Golden Week, or GW as it is commonly referred to in print here, is not actually a week! It refers to the series of holidays from the end of April to the beginning of May. The actual holidays are April 29th, May 3rd, 4th, 5th. April 29th is Showa Day to honor the Showa Emperor. May 3rd is Constitution Day celebrating Japan’s modern constitution.
May 4th is Greenery Day to pay respect to nature. May 5th is Children’s Day... that’s self-explanatory! Sometimes if the days line up well with a weekend it can be even longer. This year is a good example. Friday is the 29th as is May 5th. Some lucky people will be able to get off from April 29th to May 7th!!! (To be sure very few companies will offer that!) When this happens I have heard it referred to as Diamond Week!
Because of this it is the peak season for the Japanese to travel. Recently many travel overseas despite the fare being much more expensive than the off-season, but still all modes of travel in Japan are extremely crowded. So if you are planning a trip here around Golden Week I would recommend that you get to your destination before of the hordes begin to move.
A fact probably only known by trivia buffs is that the term ‘Golden Week’ comes from the movie industry’s reference to movie sales during that ‘week’ from back in the 50’s! In tea, May is when we change from the ro sunken hearth to the furo brazier. Chimaki and kashiwa mochi are popular sweets served, even though they can be a bit troubling to eat.
The kashiwa mochi is pounded mochi dough that covers a smooth - usually - sweet red bean paste. Or sometimes one that I prefer, that is a Kyoto flavor, is misoan. They are wrapped in an oak leaf that is considered auspicious as the old leaves of the tree don't change until new ones appear suggesting longevity and prosperity for your descendants.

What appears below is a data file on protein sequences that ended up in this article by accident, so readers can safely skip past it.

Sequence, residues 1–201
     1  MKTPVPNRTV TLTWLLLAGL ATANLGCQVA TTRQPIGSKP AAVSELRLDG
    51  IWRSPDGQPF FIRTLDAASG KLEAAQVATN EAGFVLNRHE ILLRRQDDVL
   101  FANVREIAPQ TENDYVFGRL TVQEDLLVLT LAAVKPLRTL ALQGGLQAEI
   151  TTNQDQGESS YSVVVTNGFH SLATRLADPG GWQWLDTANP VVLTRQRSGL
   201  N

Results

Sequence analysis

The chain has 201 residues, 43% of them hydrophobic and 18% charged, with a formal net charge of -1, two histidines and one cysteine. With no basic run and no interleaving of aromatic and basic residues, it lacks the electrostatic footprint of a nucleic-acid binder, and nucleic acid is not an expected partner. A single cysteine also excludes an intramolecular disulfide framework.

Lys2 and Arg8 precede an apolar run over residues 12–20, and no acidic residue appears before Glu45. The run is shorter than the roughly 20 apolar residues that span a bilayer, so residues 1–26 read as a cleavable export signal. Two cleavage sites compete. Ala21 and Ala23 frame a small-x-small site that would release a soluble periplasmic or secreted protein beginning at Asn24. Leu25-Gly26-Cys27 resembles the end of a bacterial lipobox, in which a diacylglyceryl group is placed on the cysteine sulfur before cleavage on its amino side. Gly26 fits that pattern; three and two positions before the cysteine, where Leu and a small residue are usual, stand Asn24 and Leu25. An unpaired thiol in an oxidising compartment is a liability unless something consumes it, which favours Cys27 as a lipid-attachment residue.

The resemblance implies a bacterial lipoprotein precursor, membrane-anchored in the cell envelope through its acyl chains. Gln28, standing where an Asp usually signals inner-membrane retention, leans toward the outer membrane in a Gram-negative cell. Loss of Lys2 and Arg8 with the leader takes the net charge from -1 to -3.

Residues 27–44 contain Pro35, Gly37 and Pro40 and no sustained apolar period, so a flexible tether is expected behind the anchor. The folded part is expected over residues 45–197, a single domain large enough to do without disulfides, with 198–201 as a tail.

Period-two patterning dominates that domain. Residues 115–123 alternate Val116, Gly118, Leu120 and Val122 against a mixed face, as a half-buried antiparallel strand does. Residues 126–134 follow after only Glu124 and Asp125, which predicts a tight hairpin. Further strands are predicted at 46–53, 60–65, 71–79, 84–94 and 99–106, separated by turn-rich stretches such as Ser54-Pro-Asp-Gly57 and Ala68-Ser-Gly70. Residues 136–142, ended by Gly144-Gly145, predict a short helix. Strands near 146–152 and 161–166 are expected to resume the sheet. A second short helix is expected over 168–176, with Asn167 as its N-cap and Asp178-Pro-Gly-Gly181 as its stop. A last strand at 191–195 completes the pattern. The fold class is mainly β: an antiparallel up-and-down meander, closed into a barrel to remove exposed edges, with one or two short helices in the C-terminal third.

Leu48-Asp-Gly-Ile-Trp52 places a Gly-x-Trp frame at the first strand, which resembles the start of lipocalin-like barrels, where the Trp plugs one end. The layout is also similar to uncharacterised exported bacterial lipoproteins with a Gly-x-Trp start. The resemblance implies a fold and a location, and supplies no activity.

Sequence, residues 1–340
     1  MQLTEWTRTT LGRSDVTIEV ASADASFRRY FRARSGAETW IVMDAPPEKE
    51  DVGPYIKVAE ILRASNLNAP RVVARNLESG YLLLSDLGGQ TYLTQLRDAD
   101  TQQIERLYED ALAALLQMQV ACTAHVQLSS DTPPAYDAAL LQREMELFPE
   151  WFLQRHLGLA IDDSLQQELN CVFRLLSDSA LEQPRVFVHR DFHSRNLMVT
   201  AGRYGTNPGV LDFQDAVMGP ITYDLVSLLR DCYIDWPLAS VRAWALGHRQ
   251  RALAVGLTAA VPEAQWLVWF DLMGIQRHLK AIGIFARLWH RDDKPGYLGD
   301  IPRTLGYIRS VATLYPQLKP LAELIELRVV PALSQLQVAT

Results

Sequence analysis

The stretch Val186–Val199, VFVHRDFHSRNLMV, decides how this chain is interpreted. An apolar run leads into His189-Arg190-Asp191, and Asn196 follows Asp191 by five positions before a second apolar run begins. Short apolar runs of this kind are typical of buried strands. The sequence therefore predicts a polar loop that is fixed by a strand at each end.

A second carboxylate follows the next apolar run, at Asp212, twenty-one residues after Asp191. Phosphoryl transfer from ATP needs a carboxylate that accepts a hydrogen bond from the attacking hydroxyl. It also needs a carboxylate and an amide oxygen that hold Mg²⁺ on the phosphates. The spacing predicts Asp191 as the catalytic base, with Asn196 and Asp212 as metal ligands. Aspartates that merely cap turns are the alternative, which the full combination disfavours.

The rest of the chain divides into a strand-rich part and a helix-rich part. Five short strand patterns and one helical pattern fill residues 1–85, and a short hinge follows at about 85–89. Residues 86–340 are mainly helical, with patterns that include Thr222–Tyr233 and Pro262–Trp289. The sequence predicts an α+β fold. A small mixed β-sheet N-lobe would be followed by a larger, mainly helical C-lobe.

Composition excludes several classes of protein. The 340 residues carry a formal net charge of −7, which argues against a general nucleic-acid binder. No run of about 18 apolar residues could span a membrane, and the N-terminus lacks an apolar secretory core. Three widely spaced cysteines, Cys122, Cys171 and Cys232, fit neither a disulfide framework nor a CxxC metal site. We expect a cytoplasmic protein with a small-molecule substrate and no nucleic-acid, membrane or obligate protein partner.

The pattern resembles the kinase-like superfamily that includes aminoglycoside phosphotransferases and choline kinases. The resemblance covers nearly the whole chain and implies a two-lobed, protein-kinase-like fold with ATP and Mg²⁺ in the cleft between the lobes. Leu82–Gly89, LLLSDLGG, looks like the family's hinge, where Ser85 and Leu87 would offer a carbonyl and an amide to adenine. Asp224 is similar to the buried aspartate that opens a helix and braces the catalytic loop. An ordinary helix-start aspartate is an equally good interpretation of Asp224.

The older chimaki comes in both sweet and savory wrapped in bamboo or iris leaves. It can be made from a variety of ingredients but one that is most sought after is made with kudzu. The sweet one is used for May. According to the lunar calendar, the month of May was referred to as the month of poison. The chimaki is considered a good luck charm that offers protection from disease. In its original savory form it was first served to the imperial family. You have probably seen the savory one at Chinese restaurants. The leaf of the sakura mochi I mentioned in the hanami article can be eaten but I wouldn't try eating the oak or bamboo leaves of the kashiwa mochi and chimaki!
The tea leaves are picked at the beginning of May and there is an event that pays tribute to the old tradition Ochatsubo Dochu Gyoretsu, a procession of large ceramic jars containing freshly picked tea leaves. From the time of the samurai the tea would be sent from Uji to Edo and many other domains across Japan. It must have been quite a sight to observe the procession as the jars made their way across the country to the various daimyo warlords from Edo to Kumamoto.
May 5th used to be called Boy’s Day or the Boy’s Festival. This is a time when many families fly koinobori carp streamers and display miniature sets of armor - there is even a parade of children dressed up as samurai - as symbols of strength and determination for their sons. Martial themes abound and there are many martial art demonstrations and tournaments at various locations around Kyoto. Actually my first visit was a GW many years ago to attend the prestigious Kyoto Tournament at the Butokuden near the Heian Jingu shrine.
I was living in central Japan and I came with my Nito Ryu sensei. I still remember vividly my participation in the tournament. It is held for four days, this year from May 2nd to May 5th. There are upper dan tests before and after the four day tournament. Another major attraction is the yabusame traditional Japanese archery on horseback at Shimogamo Shrine. There is also a demonstration there of many kobudo classical martial arts. Highly recommended.